How to make a tasty dinner with a packet of instant noodles

After surviving on instant noodles throughout his student years, Ho Jiak owner and chef Junda Khoo knows all the tricks to elevate this pantry staple. 

Maggi Goreng
Two-minute noodles reimagined, Malaysian style. Image: Alana Dimou.

Let’s be honest. Instant noodles have long had a bad rap. Often high in salt and fat, nutritionists grumble that they may also lack protein, fibre, and essential nutrients. But as every famished student knows, they’re easy to prepare, quick to cook and always delicious. It’s no wonder they’re a favourite with kids or simply anyone who needs dinner or a snack, fast.

Junda Khoo, whose Ho Jiak restaurants in Sydney have won multiple awards for their innovative take on Malaysian cuisine, is a huge instant noodle fan. When he and his brother moved to Australia from Kuala Lumpur to finish high school in the early 2000s, he admits they ate little else. 

A last-minute crammer, Khoo often reached for the noodles when he needed a snack but didn’t have time or energy to cook. “When it was 1am or 2am, and I was hungry [I’d think], what's in the pantry? There would always be instant noodles. That's why we ate so much of them,” he says.

Back then, Khoo didn’t know how to cook, but he wanted to recreate the food of home or at least make something good to eat. He was inspired by observing his amah (grandmother) in the kitchen whenever she visited him in Australia, and by his regular TV diet of daytime cooking shows.

Junda Khoo
Chef Junda Khoo. Image: Katje Ford. 

As his skills developed, he started employing a range of hacks to zhuzh ordinary instant noodles. Instead of making soup, he might fry the noodles or add egg, meat or fish, vegetables and other flavours to the basic mix to keep things interesting. Sometimes, he would cook the noodles in milk to create a rich, creamy stock to “balance out the spiciness”.

His pantry also expanded to include flavour-boosting basics such as garlic oil, prawn oil and onion oil—the essentials Khoo says “give punch to your cooking”.

With his student days now long behind him, the successful entrepreneur and father of three says instant noodles are still—and always will be—a firm favourite. They even appear on Ho Jiak’s menus—served with prawns, duck egg floss, and fried egg. At home, he sometimes elevates them with luxe ingredients like lobster tails. Noodles are still a breakfast staple in the Khoo family, too.

Khoo believes no one should feel bad about eating instant noodles, especially if they’re a student. “It’s okay to live on instant noodles. It’s just a stage of life,” he says.

The below is an edited extract from Ho Jiak: A Taste of Malaysia by Junda Khoo, published by Hardie Grant Books. You can pick up a copy in stores nationally for $55.00. Photography by Alana Dimou.

Maggi Goreng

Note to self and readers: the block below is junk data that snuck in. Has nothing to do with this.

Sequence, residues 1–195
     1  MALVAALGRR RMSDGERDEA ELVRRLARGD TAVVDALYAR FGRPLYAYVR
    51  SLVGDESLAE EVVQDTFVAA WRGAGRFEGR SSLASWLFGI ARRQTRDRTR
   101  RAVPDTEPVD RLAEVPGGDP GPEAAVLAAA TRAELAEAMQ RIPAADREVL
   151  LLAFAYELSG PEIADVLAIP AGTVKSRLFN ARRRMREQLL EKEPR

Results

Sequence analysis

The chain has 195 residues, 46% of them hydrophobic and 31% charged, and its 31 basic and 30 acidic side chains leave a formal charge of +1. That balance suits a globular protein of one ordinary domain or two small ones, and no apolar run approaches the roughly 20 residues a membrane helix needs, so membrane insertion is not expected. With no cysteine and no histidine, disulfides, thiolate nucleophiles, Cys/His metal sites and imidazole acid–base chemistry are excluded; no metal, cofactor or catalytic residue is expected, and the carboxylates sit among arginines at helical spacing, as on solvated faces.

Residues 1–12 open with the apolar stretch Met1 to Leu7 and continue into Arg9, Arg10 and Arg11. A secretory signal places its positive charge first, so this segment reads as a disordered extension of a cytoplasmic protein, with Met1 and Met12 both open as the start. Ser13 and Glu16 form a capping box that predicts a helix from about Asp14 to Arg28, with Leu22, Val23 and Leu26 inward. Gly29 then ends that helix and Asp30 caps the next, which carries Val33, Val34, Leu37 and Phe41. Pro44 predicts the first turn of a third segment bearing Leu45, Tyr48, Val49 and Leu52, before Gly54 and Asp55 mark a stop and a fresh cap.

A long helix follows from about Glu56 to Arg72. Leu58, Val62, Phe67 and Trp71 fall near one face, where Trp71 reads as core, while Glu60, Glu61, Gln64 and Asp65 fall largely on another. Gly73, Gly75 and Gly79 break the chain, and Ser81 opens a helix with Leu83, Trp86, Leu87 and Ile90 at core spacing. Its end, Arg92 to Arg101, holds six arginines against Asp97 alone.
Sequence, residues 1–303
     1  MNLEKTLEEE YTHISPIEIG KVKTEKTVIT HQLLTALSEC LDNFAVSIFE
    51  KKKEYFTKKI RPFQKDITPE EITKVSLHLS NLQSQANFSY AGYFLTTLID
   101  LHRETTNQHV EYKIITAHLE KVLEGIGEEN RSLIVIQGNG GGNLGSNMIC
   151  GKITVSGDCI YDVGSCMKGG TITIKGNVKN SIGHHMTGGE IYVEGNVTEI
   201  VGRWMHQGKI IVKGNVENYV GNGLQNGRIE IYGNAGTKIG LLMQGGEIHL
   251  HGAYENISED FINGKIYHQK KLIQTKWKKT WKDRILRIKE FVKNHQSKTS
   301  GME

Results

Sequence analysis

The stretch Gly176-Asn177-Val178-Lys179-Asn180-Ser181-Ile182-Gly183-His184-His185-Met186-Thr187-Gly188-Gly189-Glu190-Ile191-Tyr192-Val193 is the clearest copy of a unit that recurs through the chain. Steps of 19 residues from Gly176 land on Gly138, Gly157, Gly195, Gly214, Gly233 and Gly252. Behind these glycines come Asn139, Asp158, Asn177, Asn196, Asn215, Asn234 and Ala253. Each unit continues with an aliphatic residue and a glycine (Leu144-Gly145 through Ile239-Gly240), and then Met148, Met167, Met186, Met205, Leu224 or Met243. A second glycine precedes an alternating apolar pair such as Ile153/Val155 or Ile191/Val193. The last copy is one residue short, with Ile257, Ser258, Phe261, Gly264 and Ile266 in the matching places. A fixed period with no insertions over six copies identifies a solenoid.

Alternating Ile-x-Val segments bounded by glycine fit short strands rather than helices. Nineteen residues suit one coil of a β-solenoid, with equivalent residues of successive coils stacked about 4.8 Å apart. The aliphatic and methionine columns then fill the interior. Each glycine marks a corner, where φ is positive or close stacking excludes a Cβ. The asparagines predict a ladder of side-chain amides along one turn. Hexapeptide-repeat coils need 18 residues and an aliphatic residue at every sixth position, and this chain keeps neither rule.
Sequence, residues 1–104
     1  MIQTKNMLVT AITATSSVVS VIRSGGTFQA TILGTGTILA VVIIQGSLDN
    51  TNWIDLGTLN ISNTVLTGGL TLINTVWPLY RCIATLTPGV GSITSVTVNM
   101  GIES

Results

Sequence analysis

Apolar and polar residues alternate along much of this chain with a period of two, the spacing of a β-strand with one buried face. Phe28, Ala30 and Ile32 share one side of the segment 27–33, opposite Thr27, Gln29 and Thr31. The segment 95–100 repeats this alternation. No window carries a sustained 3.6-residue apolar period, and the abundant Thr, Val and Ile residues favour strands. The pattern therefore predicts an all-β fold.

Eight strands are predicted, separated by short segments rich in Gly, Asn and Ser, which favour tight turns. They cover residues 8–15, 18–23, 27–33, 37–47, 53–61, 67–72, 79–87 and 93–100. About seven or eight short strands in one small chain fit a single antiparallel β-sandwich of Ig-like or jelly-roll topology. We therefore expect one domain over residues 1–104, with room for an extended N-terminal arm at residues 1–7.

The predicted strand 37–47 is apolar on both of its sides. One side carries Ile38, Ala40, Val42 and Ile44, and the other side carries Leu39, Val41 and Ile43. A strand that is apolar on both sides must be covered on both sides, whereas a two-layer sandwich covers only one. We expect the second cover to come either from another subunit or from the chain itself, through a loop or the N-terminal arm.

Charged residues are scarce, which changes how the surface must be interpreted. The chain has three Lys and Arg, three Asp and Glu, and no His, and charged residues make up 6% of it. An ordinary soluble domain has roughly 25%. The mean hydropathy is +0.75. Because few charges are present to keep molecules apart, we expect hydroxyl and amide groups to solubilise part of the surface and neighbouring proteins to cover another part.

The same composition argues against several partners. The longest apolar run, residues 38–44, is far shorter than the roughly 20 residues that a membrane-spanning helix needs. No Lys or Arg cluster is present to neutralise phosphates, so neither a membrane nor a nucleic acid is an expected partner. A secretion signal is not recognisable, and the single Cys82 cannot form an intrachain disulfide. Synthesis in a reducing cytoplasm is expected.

Prep time: 2 minutes
Cook time: 5 minutes
Serves: 2

In Malaysia, a mamak is a food stall run by Muslim Indians. The stalls are everywhere. Many of them are hangouts open late at night and early in the morning. Growing up, my parents rarely took me to mamak stalls, but as a teenager skipping school I would go to cyber cafes and play video games and then to a mamak to hang out.

Every kid would have their go-to meal, and mine was Maggi goreng with a teh o ais limau (iced lemon tea). The instructions on a packet of Maggi instant noodles make a curry noodle soup, but mamak stalls turn them into a wok-fried dry version. 

This particular dish has so many memories for me. First, of when I was a dumb teenager skipping school, and second, of uni days when we’d open the fridge and, finding nothing, knew that if we had chilli, onion and instant noodles, we could always make Maggi goreng. Even now, after twenty years living in Sydney, I still regularly cook this at home.


  • 3 × 79 g (23/4 oz) packets Maggi 2 Minute Noodles Kari (curry)
  • 3 tablespoons vegetable oil
  • 1/2 red onion, diced
  • 4 whole bird’s eye chillies
  • 3 eggs
  • 4 garlic cloves, peeled and finely sliced
  • 1/2 bunch choy sum


  1. Blanch the instant noodles in boiling water for about 1 minute until half-cooked, then drain and set aside—you want the noodles to be still al dente after frying.
  2. Heat the oil in a frying pan to smoking point. Add the onion and whole chillies and sauté until fragrant. Break the eggs into the pan and scramble vigorously until fully cooked and firm, then add the garlic and choy sum and stir-fry for 30 seconds.
  3. Add the drained noodles, give it all a stir, then sprinkle two sachets of the packet seasoning over the noodles, mixing in well. Stir-fry until the noodles are slightly charred then serve.

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